From now, couples planning to marry against the wishes of their parents need not worry that the official registering it under the Special Marriages Act will inform their homes.
In an order set to bring smiles on the face of thousands of love-struck couples, the Delhi High Court on Monday directed Marriage Officers to stop forthwith the practice of posting of 'notice of intended marriage' under the Special Marriages Act 1954 at the residential addresses of both parties or a service through the SHO of the local police station for verification of their address.
Sampat (name changed), 24, an engineer had decided to marry his girlfriend, a “manglik,” without the knowledge of their parents. He was forced to opt for the special law because he knew his parents would never approve of their relation. But the district marriage officer proved to be spoilsport as he insisted on sending notices to the houses of their respective residences. Sampat approached the HC, challenging the practice as "illegal and arbitrary".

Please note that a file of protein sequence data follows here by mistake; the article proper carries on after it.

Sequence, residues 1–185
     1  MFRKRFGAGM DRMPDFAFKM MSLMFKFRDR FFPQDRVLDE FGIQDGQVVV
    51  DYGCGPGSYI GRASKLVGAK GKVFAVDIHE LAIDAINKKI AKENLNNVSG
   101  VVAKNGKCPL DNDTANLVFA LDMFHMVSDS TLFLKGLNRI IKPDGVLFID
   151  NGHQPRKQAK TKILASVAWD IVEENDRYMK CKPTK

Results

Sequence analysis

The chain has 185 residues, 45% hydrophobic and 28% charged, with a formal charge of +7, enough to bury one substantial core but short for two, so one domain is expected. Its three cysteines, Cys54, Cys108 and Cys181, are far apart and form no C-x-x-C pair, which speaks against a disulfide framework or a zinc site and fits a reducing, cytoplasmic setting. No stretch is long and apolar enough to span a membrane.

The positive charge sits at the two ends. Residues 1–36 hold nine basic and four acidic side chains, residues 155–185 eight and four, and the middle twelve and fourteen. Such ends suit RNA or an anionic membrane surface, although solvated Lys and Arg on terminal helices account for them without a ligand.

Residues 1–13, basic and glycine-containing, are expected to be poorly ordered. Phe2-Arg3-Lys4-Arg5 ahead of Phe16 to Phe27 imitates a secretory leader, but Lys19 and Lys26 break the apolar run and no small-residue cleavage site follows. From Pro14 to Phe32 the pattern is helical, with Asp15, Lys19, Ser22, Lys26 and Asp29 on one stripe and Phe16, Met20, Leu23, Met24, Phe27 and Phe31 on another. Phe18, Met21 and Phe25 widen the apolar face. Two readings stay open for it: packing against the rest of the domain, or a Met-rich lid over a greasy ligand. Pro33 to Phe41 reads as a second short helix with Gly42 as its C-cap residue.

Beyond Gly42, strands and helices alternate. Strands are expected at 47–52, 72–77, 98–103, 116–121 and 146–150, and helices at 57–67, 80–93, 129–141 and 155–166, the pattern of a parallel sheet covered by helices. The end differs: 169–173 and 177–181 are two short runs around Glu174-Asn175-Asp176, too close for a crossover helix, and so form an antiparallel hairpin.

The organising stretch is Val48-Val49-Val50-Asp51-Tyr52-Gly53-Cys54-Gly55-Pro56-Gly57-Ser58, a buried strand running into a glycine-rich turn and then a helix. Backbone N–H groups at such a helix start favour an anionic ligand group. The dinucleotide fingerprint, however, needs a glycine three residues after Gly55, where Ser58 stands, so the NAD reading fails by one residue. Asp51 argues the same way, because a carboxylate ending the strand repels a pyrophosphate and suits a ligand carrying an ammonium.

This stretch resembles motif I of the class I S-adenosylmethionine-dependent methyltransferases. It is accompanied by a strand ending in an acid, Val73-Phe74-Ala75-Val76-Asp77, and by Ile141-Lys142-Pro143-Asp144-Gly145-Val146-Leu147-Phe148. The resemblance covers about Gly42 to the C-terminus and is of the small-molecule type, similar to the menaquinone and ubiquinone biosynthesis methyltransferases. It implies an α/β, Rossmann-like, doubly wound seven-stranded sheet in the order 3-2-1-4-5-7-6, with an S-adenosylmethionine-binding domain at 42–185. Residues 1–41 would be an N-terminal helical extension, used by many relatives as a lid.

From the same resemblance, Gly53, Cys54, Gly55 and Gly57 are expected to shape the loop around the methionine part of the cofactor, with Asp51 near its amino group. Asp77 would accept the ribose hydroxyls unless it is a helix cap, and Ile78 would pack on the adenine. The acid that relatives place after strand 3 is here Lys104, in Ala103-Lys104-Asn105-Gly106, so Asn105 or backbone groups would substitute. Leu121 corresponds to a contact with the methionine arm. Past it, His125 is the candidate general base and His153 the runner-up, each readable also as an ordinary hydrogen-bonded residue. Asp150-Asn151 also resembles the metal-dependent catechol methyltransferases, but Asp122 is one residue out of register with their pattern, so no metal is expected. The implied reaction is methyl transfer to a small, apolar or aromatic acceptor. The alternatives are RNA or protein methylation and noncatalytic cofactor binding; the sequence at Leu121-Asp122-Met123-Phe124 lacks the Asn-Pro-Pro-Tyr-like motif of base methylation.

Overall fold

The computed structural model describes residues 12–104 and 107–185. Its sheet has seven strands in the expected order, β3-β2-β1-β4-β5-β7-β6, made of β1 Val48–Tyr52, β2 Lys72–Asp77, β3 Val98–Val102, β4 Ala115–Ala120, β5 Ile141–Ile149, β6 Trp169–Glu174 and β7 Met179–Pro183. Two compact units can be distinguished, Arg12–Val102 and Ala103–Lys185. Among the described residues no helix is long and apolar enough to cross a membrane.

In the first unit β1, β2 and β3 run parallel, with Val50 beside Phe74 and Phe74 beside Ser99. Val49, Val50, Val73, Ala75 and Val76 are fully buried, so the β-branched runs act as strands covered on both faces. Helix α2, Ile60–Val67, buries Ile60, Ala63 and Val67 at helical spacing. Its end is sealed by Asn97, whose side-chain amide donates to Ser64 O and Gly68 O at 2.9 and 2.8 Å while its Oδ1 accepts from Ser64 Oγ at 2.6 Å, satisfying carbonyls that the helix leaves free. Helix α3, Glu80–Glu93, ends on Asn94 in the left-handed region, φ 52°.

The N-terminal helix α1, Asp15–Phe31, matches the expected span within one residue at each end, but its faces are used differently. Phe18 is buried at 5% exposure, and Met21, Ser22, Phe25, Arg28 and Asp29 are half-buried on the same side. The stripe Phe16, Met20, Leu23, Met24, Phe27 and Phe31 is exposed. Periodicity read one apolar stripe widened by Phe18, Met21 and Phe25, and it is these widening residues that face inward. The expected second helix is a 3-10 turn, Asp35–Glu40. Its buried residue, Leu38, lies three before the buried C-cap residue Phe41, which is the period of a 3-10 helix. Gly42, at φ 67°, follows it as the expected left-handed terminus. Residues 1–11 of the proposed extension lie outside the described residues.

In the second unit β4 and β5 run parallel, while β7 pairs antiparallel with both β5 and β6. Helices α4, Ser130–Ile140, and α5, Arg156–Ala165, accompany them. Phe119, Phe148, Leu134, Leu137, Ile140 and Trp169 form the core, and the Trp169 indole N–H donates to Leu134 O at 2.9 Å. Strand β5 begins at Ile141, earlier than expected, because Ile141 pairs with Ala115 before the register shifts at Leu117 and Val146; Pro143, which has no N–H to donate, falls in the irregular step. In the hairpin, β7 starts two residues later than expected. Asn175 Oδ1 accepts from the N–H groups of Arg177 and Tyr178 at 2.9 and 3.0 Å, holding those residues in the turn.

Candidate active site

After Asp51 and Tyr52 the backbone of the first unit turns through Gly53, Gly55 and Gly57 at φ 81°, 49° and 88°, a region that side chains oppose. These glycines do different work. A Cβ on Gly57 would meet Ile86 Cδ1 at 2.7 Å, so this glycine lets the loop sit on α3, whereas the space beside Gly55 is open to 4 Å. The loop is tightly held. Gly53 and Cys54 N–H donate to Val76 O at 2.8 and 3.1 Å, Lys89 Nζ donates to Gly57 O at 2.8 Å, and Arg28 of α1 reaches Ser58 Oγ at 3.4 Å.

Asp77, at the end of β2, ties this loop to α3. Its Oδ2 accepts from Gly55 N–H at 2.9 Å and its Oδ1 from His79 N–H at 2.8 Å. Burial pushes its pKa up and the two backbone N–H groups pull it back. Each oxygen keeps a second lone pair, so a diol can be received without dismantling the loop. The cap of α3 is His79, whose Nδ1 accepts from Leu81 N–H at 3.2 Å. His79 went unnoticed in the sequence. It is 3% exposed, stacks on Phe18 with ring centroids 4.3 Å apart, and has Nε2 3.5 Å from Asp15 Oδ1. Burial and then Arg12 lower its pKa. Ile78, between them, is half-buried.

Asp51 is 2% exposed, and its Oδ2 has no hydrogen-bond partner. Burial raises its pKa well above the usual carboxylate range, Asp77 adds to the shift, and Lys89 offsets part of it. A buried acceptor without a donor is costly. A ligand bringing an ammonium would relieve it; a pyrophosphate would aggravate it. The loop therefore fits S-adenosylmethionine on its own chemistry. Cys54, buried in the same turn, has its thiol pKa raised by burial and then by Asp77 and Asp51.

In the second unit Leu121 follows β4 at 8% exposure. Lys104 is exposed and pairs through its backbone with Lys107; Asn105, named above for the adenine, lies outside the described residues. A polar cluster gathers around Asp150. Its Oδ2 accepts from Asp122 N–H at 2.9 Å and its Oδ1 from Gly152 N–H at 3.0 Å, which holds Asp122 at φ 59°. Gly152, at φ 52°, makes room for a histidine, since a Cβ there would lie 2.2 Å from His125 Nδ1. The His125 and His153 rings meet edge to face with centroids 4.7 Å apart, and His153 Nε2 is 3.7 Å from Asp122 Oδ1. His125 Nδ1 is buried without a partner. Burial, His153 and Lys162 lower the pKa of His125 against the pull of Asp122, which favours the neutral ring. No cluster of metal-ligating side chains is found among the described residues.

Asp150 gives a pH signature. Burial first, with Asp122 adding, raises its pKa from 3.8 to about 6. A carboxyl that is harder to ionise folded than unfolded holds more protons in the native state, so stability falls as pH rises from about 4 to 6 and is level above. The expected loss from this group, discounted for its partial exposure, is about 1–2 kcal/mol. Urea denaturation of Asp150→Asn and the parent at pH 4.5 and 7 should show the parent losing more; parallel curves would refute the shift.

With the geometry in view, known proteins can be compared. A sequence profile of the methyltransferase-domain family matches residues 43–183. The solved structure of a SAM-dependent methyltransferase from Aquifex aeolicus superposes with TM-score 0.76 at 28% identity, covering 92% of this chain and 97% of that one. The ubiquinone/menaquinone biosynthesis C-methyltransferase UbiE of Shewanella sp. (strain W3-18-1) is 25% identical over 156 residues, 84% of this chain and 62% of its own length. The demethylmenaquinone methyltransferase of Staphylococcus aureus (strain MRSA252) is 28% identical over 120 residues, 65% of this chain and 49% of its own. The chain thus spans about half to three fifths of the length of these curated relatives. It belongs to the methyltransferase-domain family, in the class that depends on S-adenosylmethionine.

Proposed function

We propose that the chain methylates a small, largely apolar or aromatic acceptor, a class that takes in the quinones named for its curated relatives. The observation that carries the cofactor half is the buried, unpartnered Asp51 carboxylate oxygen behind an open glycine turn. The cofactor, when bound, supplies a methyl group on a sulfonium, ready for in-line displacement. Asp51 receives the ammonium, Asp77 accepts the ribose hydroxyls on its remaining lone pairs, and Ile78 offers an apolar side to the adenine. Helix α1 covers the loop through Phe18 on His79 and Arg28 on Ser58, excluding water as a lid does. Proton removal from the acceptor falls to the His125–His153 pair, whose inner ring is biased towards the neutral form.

Noting the Act nowhere prescribed such a procedure, Justice S Ravindra Bhat directed the marriage officer to process their request for solemnisation of marriage without sending notices to their residences. “It is to be kept in mind that the Special Marriages Act was enacted to enable a special form of marriage for any Indian national, professing different faiths, or desiring a civil form of marriage. The unwarranted disclosure of the matrimonial plans will jeopardise the marriage itself. In certain instances, it may even endanger the life or limb of one of the other party due to parental interferences”, the judge said.